Grace's Guide

British Industrial History

Grace's Guide is the leading source of historical information on industry and manufacturing in Britain. This web publication contains 125,771 pages of information and 196,576 images on early companies, their products and the people who designed and built them.

William Inglis (1856-1908)

From Graces Guide

Jump to: navigation, search

William Inglis (1856-1908)

1909 Obituary [1]

WILLIAM INGLIS was born at Perth on the 15th October, 1856, and was educated at Burntisland and at Edinburgh Royal High School He served his engineering apprenticeship on the staff of the North British Railway Company at Edinburgh, commencing in October, 1872, under the late Mr. James Bell, then engineer-in- chief to the Company.

In February, 1882, Mr. Inglis was appointed maintenance engineer of the Northern Division of the North British system, which embraced all the company's lines north of the Forth. During the completion of the Arbroath and Montrose Railway and the reconstruction of the bridge over the River South Esk at Montrose, Mr. Inglis was brought into close contact with Sir William (then Mr.) Arrol, and when the latter secured the contract for the construction of the second Tay Viaduct in 1882, he appointed Mr. Inglis his resident engineer, a position which he ably filled until the completion of that great undertaking in 1887.

Mr. Inglis subsequently acted in a similar capacity for Sir William Arrol on the Forth Bridge Connecting Lines which run from the south end of the bridge to the Edinburgh and Glasgow Line of the North British Railway at Corstorphine on the east and at Winchburgh on the west.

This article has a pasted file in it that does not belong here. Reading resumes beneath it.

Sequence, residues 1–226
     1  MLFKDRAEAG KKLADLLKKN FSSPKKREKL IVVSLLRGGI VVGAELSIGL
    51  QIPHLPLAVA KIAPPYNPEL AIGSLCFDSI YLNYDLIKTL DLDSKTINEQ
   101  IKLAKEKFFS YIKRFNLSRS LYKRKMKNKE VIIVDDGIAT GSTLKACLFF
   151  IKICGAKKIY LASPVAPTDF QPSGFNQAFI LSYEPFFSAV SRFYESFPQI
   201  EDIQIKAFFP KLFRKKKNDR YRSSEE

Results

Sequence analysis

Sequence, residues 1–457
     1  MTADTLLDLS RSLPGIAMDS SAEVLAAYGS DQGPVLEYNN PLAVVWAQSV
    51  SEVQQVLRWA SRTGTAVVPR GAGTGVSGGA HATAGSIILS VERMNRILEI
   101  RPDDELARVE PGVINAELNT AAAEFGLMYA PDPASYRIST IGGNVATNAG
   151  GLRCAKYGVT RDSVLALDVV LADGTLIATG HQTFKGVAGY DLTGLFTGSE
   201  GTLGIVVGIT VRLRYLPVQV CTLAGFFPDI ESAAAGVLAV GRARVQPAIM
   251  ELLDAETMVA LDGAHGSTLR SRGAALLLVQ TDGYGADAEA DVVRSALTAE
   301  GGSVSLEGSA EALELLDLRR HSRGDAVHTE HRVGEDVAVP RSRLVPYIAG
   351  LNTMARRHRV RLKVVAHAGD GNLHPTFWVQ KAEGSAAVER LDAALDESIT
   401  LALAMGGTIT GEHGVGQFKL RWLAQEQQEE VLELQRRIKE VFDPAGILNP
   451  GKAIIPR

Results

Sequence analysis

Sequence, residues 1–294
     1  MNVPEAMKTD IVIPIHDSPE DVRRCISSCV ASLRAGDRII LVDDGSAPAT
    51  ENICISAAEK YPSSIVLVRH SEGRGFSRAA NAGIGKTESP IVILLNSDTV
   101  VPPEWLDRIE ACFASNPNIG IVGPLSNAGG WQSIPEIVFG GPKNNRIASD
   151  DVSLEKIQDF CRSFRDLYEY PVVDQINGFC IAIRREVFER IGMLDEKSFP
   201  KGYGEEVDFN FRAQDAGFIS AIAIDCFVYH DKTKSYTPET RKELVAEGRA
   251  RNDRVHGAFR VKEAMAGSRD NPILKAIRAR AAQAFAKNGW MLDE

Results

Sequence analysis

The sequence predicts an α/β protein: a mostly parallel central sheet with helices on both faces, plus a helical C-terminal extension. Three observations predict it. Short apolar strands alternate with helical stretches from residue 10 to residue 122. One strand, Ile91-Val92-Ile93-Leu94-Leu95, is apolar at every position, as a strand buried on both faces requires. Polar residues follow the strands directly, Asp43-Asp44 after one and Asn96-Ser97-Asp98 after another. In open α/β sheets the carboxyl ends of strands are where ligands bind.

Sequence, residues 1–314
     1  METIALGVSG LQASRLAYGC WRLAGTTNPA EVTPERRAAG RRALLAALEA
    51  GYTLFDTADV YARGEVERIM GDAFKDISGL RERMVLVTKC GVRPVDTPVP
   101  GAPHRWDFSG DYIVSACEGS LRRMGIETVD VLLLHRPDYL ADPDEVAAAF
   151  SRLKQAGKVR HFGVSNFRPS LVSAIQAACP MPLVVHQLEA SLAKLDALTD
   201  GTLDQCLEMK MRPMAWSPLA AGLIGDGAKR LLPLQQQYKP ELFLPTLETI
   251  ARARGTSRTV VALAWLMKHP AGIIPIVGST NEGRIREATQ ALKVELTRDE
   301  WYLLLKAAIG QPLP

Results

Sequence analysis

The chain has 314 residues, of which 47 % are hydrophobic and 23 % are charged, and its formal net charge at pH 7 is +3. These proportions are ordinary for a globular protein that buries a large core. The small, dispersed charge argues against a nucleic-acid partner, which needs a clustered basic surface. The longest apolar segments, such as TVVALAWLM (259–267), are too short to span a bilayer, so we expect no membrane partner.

He also superintended the construction of the road bridge across the Tay at Caputh.

In 1891 Mr. Inglis accepted a partnership in the well-known firm of Messrs. William Bain and Company, Lochrin Iron Works, Coatbridge, and took an active part in the direction of the business until his death.

In addition to his arduous professional labours, he devoted much time to local affairs. He was a bailie of the town of Airdrie, an active member of Broomknoll United Free Church, and was associated with various friendly and benefit societies established in the interests of the working-men of Airdrie and the district.

Mr. Inglis died at his residence, Rosedale, Airdrie, on the 18th May, 1908, leaving a widow, three sons and five daughters.

He was elected an Associate Member of The Institution on the 1st February, 1881.

See Also


Sources of Information

  1. 1909 Institution of Civil Engineers: Obituaries